I'd like to discuss "Being Nice" today. I'd like to preface this with the caveat that I am fully aware of my own shortcomings in this department. I am not always Nice. I try to be. The compassionate and forgiving Savior who lives in my heart is always working on me.
And sometimes Nice doesn't mean pleasant. Sometimes you have to be stern, forceful or passionate, which isn't always pleasant.
So really, when I say Be Nice, I think what I'm trying to say is to Be Compassionate. Always try to put yourself in the other person's shoes before you do or say something.
But for the purposes of saving pixels, I'm going to say Be Nice.
And that goes double when you live or work in a small town. Especially when you didn't grow up in that small town.
Nine years ago, we picked up and moved from the inner city of a bustling metropolis of 100,000 to a small town in north Texas. Eight years ago, I landed my dream job of art teacher and yearbook adviser in a nearby small town. And seven years ago, we bought a house smack-dab in the center of that small town, which boasts a population of around eight hundred, give or take.
It was a little bit of culture shock for my oldest child, who had unfortunately absorbed a "hood culture" attitude at her previous school. But as my regular readers know, she also came pre-packaged with a set of DNA that wasn't going to cooperate with polite society, regardless of her surroundings. My other two adapted quickly, being friendly and kind-hearted by nature. Looking back, even though my eldest did finally land herself in jail for shoplifting recently, it was long after she lived under our roof -- and I believe that our move to Ruralville delayed her entry into criminal behavior significantly. Had we remained in our inner-city locale, she probably would've been locked up much sooner and even ended up addicted or dead. She may still be a hot mess, but she's alive and married and has a baby on the way.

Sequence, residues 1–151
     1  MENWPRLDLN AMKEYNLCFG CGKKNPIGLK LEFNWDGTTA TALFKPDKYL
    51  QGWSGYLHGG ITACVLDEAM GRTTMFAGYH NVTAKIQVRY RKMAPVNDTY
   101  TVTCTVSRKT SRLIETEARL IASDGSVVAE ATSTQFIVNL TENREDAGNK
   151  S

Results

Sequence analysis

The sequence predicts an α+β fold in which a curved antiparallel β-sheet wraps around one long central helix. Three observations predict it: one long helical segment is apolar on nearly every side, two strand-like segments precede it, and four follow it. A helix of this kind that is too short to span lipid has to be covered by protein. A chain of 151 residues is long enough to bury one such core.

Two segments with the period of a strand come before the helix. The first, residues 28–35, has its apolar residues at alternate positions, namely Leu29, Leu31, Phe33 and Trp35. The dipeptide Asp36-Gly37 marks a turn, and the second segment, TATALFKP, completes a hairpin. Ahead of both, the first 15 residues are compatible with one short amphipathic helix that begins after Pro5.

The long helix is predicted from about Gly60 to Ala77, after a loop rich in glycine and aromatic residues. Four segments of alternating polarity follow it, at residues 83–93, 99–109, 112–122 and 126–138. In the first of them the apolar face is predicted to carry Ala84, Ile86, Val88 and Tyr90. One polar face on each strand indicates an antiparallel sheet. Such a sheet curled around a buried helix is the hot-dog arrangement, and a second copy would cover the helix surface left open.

But I digress. As is my wont, being of the attention-deficit variety.
Being kind, compassionate, NICE... in a small town... especially when you didn't grow up there... is not only a good thing to do, it will likely determine whether you remain there or not.
On a purely logical level, let's say you do or say something mean to someone who you believe has wronged you in some way. It's a guarantee that that person is somehow related, by birth or marriage, to EVERY. SINGLE. PERSON, in the county. And word gets around. You want to destroy your reputation really fast? Treat Cousin Matilda rudely in line at Wal-Mart. Your child's math teacher is married to Matilda's nephew. She may not take off points unnecessarily on the next math test, but you can guarantee that during the parent-teacher conference, she will regard you with suspicion.
On a broader level, however, being Nice to someone -- even if they're downright MEAN to you -- means that you see past the fact that I WAS WRONGED and you see that the person who WRONGED ME actually may be having a really, really bad struggle with something right at that moment and didn't really need to be kicked in the gut for something as trivial as a parking space. Will it kill you to have to walk a little further? Not likely. And on the flip-side, that person who was really nasty to you about that parking space may really just be taking out his frustration on you because they're desperately grappling with issues at home.
Being Nice is not usually an inherent trait in the human heart. We're full of ourselves. So it pays to practice it. The more you do it, the better you get, until eventually you just do it out of habit.